report: Infectious pathogen has spread to 90 percent of cannabis farms in California

An infectious pathogen is currently spreading widely in California’s cannabis farms, attacking plants and growing invisibly for months before spoiling crops just as farmers are getting ready to harvest. Scientists believe it currently affects over 90 percent of farms and could cause billions of dollars in damages to the national cannabis economy.

The hop-latent viroid (HLVd) – first identified in hop plants (close relatives of cannabis) in the 1980s – shrivels cannabis plants, reducing how much weight they produce by as much as 30 percent. The pathogen also destroys the plants’ amount of THC (marijuana’s main psychoactive compound), thus decreasing their value.

Although this pathogen has likely been spreading in cannabis farms for over a decade, at first growers didn’t know what was harming their harvests, since damage only occurred at the end of the crop’s life cycle.

Farmers usually grow cannabis by cutting small pieces off of one plant – referred to as the “mother” – which are then used to propagate hundreds of new plants. These mother plants are artificially prevented from growing flowers in order to keep producing offspring, which means they can silently spread the pathogen for months without showing any signs of disease.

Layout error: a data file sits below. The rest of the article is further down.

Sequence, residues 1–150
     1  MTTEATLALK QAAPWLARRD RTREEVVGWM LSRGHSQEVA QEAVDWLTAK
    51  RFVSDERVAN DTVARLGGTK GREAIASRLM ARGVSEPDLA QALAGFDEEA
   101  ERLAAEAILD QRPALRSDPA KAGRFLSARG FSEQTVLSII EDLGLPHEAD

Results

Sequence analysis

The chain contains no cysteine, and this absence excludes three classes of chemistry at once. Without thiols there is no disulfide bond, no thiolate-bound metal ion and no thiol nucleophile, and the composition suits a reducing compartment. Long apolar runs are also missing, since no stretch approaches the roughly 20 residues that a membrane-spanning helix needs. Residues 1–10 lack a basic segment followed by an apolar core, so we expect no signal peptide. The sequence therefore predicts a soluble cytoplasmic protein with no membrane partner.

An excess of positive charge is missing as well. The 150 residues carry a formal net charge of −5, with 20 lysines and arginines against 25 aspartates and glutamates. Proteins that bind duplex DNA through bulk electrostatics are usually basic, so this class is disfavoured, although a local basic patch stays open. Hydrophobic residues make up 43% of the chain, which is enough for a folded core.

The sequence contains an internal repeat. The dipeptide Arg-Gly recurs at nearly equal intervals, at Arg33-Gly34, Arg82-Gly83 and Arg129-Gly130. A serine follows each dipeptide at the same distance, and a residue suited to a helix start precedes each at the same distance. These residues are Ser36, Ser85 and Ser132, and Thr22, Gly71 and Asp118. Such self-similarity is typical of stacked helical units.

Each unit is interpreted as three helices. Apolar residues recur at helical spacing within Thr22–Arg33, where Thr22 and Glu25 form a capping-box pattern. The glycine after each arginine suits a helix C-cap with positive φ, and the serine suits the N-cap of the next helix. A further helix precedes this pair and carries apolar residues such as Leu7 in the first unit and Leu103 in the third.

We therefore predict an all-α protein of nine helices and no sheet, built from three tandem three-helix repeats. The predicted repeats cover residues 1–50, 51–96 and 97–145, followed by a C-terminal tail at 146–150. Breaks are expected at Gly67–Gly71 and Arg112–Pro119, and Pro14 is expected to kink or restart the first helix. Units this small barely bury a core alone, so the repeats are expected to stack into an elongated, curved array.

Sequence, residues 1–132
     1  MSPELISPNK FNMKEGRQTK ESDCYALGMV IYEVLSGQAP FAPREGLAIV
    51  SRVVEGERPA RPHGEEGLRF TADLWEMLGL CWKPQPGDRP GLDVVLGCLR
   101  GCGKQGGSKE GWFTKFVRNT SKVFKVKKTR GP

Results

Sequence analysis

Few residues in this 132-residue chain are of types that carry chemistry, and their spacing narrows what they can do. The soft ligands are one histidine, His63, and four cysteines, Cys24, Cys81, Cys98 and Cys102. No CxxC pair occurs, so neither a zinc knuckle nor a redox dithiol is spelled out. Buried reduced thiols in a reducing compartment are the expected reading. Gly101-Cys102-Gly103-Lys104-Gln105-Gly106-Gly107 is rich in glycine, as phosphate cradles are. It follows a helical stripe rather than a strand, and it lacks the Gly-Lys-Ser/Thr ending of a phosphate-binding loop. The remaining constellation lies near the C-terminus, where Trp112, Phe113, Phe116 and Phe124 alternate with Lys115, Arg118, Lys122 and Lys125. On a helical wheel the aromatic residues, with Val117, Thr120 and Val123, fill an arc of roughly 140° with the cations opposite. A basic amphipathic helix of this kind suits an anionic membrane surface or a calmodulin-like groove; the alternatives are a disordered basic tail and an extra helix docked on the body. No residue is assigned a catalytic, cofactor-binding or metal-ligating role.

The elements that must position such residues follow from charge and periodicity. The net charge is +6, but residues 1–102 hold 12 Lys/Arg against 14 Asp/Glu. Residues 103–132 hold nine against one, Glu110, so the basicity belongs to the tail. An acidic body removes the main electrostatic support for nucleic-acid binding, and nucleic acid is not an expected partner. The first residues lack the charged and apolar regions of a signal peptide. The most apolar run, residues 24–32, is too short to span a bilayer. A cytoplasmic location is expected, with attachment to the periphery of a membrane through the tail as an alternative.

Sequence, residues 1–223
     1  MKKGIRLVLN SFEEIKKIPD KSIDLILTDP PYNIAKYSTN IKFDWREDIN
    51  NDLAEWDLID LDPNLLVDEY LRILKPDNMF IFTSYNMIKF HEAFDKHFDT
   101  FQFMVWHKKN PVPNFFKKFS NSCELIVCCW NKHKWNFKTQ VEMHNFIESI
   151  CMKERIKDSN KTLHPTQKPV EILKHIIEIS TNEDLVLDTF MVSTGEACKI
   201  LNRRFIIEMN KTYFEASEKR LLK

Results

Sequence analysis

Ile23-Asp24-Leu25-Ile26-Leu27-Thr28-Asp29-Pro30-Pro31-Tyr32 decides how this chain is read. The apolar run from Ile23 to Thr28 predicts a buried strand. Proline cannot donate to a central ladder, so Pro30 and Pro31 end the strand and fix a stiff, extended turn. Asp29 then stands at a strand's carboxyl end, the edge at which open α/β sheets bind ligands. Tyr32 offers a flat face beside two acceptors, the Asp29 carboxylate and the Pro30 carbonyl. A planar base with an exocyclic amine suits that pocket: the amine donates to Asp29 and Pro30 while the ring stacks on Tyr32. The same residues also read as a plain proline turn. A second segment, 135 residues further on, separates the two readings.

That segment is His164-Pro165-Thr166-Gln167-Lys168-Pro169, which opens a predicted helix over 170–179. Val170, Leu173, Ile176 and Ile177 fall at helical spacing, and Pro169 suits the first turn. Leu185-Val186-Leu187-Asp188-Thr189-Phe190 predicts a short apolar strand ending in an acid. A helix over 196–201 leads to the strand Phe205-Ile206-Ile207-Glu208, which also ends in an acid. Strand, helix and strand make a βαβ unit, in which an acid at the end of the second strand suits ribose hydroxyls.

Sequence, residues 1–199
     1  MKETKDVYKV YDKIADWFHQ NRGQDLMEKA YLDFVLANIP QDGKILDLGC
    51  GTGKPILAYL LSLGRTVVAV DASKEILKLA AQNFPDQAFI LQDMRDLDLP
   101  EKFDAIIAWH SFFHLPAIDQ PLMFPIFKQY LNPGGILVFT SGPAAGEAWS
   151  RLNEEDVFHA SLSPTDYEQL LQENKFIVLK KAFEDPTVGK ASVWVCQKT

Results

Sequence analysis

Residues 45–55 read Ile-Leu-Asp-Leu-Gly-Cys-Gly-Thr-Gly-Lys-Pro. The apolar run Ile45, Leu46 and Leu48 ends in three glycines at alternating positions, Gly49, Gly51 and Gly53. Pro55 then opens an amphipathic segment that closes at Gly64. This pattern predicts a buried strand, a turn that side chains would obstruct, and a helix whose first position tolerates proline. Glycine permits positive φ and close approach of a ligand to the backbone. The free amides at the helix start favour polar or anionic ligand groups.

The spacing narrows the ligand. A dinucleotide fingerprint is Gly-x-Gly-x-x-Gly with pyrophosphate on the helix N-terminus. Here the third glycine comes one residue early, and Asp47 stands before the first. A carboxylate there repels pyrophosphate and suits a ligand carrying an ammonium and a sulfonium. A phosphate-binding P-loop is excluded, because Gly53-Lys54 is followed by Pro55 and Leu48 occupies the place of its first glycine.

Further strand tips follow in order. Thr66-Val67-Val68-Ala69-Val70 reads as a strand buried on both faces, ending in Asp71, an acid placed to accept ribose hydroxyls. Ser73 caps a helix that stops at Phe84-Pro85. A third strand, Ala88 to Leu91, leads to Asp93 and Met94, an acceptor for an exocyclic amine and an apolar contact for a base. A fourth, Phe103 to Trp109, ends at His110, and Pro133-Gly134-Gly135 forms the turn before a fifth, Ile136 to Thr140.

HLVd was first identified in California in 2019 in samples from a Santa Barbara cannabis farm and, by 2021, it had spread to at least 90 percent of the state’s farms. Currently, scientists believe it has also spread in other states, as well as in Europe, becoming the “biggest concern for cannabis” growers worldwide, according to a recent scientific paper.

Fortunately, Purple City Genetics – an Oakland-based startup focused on breeding and cultivating cannabis phenotypes – released a new HLVd test this year which can be conducted on site and delivers results in just a few hours. This is much faster than previous methods for identifying HLVd infections, which involve farmers mailing samples to labs and waiting days or even weeks to get the results.

“By the time you get the results back you may have cut that plant and sold it to your customers. So there is a real need for a high throughput onsite diagnostic test for hop-latent viroid,” said Ali Bektaş, the CEO of Purple City.

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